Apart from creating an ICT vision derived from overall vision for Indian Railways, the terms of reference of this committee were very specific, including technology for operational efficiency, implementation strategy, capacity building, change management, IT governance and to suggest a roadmap to set up a portal for seeking tech solutions. What, however, differentiated its ToR from most other such committees is that it was clearly asked to integrate all current implementations into the new vision.

“We will shortly unveil an IT vision for the Railways. An IT Vision prepared by a committee headed by Shri Som Mittal has been received,” said the minister.

It is clear that at least some of the major thoughts and ideas, if not specific plans, for the current budget have come from the thinking of this committee.

The application of tech is seen in almost all aspects of Railway’s operations.

Of course, image building measures are in plenty. As it gears to compete with both luxury buses and airlines, these changes really do matter. Examples include announcements of new SMART (acronym for  Specially Modified Aesthetic Refreshing Travel) coaches that would have automatic doors, bar-code readers, bio-vacuum toilets, water-level indicators, accessible dustbins, ergonomic seating, improved aesthetics, vending machines, entertainment screens, LED lit boards for advertising, PA system and more.

Of course, there are a lot of new initiatives to enhance customer convenience. Selling of tickets through handheld terminal, consolidation of mobile apps, online ticket cancellation and refund, bar code scanners, GPS based digital displays inside coaches, unified customer portal, proactive SMS alert on arrival/departure times and online booking of retiring rooms for passengers are some of those services which will use technology to better customer experience.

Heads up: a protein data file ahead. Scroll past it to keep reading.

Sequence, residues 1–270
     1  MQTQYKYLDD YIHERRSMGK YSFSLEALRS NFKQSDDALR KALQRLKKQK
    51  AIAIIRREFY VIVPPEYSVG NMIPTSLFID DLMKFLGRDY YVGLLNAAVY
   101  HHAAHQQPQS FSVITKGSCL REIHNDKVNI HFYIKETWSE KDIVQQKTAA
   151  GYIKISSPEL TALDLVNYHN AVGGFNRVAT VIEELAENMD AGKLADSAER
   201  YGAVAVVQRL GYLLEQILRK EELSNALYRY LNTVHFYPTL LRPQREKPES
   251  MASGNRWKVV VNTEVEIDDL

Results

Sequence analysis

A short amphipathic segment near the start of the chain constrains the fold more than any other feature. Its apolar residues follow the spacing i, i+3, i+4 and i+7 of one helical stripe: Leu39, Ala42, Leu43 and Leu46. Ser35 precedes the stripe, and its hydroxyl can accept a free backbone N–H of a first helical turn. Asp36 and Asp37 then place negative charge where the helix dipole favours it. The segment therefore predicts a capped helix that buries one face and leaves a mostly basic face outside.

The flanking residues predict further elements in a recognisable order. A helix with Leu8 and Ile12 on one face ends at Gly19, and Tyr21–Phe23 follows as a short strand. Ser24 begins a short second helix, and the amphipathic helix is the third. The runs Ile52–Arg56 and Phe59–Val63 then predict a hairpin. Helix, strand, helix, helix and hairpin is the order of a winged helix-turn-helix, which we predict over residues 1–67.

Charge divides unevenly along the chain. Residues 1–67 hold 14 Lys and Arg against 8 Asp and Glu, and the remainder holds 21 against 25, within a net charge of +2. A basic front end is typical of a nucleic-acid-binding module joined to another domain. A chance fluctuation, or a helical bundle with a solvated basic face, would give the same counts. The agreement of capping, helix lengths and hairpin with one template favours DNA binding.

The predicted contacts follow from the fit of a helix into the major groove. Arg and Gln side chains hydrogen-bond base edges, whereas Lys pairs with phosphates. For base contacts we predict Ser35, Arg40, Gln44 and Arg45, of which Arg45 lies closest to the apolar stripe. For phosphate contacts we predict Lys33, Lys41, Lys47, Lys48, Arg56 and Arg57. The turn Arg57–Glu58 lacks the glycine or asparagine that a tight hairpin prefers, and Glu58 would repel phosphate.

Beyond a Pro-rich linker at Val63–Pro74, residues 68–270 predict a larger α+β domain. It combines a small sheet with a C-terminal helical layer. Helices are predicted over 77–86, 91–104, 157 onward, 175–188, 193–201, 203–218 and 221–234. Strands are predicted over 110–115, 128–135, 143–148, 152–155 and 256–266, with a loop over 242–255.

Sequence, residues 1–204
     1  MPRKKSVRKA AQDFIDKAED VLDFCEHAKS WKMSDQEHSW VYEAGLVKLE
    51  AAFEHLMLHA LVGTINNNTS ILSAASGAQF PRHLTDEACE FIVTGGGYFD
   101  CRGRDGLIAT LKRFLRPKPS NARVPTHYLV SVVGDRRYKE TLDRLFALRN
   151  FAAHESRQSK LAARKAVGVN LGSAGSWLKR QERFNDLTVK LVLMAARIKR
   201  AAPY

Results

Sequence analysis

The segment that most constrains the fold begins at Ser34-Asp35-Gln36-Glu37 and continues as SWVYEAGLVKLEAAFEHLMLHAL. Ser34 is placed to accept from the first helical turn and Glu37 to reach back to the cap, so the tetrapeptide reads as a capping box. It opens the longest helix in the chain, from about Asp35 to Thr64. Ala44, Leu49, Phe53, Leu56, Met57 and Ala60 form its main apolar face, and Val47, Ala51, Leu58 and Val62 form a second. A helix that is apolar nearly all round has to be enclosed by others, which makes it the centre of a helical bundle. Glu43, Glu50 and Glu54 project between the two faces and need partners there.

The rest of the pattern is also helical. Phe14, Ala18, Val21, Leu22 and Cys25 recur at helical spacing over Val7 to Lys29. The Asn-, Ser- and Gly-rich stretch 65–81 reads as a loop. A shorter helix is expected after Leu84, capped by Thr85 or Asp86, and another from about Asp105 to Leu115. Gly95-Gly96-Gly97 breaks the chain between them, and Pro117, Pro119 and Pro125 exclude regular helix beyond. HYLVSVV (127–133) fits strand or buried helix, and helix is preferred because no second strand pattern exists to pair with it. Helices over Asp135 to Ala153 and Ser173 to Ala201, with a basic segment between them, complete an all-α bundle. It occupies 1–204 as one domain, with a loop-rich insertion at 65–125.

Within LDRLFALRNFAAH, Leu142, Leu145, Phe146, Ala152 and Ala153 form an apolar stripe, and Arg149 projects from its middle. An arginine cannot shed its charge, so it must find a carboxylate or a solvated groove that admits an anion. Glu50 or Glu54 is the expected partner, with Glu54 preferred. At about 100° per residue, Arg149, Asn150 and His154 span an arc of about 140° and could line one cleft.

In addition, WiFi in stations and trains will also add a lot of convenience.

Then, of course, is monetizing. Two interesting initiatives are eye-catching. The bigger—and more importantly, easier to implement—initiative is what is called Rail Display Network, a high-tech centralized network of 20,000 screens across 2000 stations. Proof of concept at 10 stations, is already under implementation, expected to be commissioned by end of March. While in the speech, it was also marketed as a customer convenience facility, such facilities are already there in many stations, and yes, with some local advertising, which has not really been looking at a major money making venture. A centrally controlled, tech-based system will make it one of the biggest media platforms in India. The technology is ready, Railways has already announced.

The other is the effort to monetize data. Though, unlike the above project, it requires some plan—as the model is still not clear—it is time Indian Railways seriously looked at this. Prabhu said, “We are exploring the possibility of monetizing our data, software and some of the free services provided by Indian Railways.”

Of course, there are some new zing things like drone-based project monitoring etc.

But what really takes the cake is Prabhu’s next generation stance—something that corporate are still trying to figure out–data backed decision making. “Data backed decision making is a hallmark of great institutions. Though IR, as an organisation, collects over 100 Terabytes of data every year, yet it is hardly analyzed to gain business insights. A dedicated, cross functional team called Special Unit for Transportation Research and Analytics (SUTRA) would be set up for carrying out detailed analytics leading to optimized investment decisions and operations. This team would comprise professional analysts and best in class decision support systems and optimization engines.”

There’s a long distance to travel. But a good beginning seems to have been made.